Chain of Thought

Being Human is becoming a Hard Job to Fill

Funny thing about the people who camped outside stores days in advance to be among the first to own Apple’s iPhone 5: It was probably their most prolonged exposure to other flesh-and-blood humans since… the time they camped out for the iPhone 4. After all, once you get your hands on one of these things the need to share physical space with fellow humans dissipates quickly. You can then rush back to your little cocoon and barricade your door against humanity until the iPhone 6 comes out.

Well, you can do that unless you have a job that requires you to work with humans--if you’re lucky enough to be employed. If you’re not employed, your loss of social skills may be keeping you that way. According to almost 20% of employers responding to Manpower Group’s 2012 Talent Shortage Survey, “lack of employability, or soft skills,” was a major reason they had difficulty filling job openings from the existing talent pool.

In years past the warehouse might have served as a refuge for those kinds of folks. But with the growth of e-commerce comes equal growth in e-fulfillment, and now it looks like those “soft” social skills might even be useful in getting those jobs.

I talked with Fab Brasca, vp global logistics for JDA Software recently about trends in e-commerce fulfillment and the topic of missed-deliveries came up. How many times have you, as an e-commerce customer, peeled one of those little UPS sticky notes off your door, saying basically “we were here, where were you?” Miss the UPS driver a second or third time and you have to pick the parcel up yourself at their terminal.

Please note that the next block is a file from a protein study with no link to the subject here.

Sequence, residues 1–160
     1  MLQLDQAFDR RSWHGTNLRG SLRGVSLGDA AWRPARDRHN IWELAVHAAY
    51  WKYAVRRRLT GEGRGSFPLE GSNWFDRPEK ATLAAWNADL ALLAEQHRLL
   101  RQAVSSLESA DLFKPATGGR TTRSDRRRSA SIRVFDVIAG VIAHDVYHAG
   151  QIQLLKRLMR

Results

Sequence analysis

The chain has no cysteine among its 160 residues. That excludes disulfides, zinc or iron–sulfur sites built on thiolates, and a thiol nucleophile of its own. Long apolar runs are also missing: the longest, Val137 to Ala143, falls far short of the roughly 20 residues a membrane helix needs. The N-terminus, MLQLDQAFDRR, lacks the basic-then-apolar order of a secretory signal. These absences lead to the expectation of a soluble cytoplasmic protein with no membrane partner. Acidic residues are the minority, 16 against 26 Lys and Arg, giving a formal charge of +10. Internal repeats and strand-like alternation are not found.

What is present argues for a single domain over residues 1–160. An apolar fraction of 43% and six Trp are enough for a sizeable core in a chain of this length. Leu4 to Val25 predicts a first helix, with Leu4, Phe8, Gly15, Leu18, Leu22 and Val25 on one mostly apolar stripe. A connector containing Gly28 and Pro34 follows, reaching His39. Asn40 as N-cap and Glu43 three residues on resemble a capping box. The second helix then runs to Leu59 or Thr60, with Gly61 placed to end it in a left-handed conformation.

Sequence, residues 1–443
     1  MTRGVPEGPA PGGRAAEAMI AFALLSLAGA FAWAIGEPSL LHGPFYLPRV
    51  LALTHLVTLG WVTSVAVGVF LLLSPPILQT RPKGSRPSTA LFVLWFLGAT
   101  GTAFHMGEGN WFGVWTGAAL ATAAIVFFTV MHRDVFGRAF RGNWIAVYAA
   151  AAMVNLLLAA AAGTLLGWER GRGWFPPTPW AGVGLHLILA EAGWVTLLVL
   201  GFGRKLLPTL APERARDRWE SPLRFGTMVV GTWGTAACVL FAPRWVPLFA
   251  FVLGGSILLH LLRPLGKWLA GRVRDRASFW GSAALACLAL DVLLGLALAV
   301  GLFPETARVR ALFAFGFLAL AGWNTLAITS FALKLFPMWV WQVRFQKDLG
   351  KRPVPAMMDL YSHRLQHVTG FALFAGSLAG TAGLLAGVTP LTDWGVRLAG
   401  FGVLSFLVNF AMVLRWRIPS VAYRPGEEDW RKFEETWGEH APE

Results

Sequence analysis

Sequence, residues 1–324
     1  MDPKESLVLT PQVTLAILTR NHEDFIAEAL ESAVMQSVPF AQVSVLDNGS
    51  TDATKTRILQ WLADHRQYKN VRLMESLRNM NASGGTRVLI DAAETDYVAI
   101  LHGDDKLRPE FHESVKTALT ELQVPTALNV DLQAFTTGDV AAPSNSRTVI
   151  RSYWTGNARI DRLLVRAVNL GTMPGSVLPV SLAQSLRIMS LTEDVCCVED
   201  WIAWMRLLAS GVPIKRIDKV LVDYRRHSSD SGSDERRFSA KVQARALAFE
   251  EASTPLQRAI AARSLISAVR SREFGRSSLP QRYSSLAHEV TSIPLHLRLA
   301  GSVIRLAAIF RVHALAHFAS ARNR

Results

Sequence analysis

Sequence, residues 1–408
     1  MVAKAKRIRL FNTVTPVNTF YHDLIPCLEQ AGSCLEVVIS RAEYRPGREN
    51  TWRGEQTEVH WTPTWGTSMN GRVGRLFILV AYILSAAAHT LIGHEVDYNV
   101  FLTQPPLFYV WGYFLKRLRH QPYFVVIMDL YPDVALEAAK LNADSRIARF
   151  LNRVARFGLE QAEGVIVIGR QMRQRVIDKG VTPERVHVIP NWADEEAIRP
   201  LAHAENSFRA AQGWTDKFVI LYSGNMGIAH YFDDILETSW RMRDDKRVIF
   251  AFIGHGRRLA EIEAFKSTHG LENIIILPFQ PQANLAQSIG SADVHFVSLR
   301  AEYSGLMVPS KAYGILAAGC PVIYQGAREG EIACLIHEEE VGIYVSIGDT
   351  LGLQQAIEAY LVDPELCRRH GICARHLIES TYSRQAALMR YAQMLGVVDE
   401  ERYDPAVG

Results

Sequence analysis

Amazon got smart about this and developed a network of lockers in retail outlets across the country where they could deliver merchandise for customer pickup. Brasca says this is a sign of things to come.

“I can foresee that if the channel continues to grow to a percent that’s really impactful retailers will look for opportunities to partner up with manufacturers and share some of their costs by creating some interesting fulfillment strategies,” he said. “In the consumer electronics world you’re seeing some of the OEM manufacturers leveraging Best Buy as a channel and also having their own web stores, taking the retailer out of the picture. If manufacturers see there’s enough demand and there’s a viable channel to go direct to the consumer there’s a margin benefit.”

The question is, will that create more fulfillment jobs or will the task of receiving all those consumer packages from UPS and loading them into consumer lockers be absorbed by the already overworked associates at the retail outlets hosting those lockers?

I have an idea. Since many employers in the retail world are having trouble finding workers with the soft skills that used to be prerequisites for just being a human among humans, maybe they can break new job candidates in by letting them be locker storage and retrieval agents. A customer coming in to pick up their parcel could give the S&R agent their locker number and that agent could fetch it for them. It would not only give the agent some order fulfillment skills but it would also help him develop the social skills required to become a human being again.... maybe even get a date with someone trying to figure out this locker thing (see video below). The last I checked, there still wasn’t an app for that. Becoming a human being, that is.

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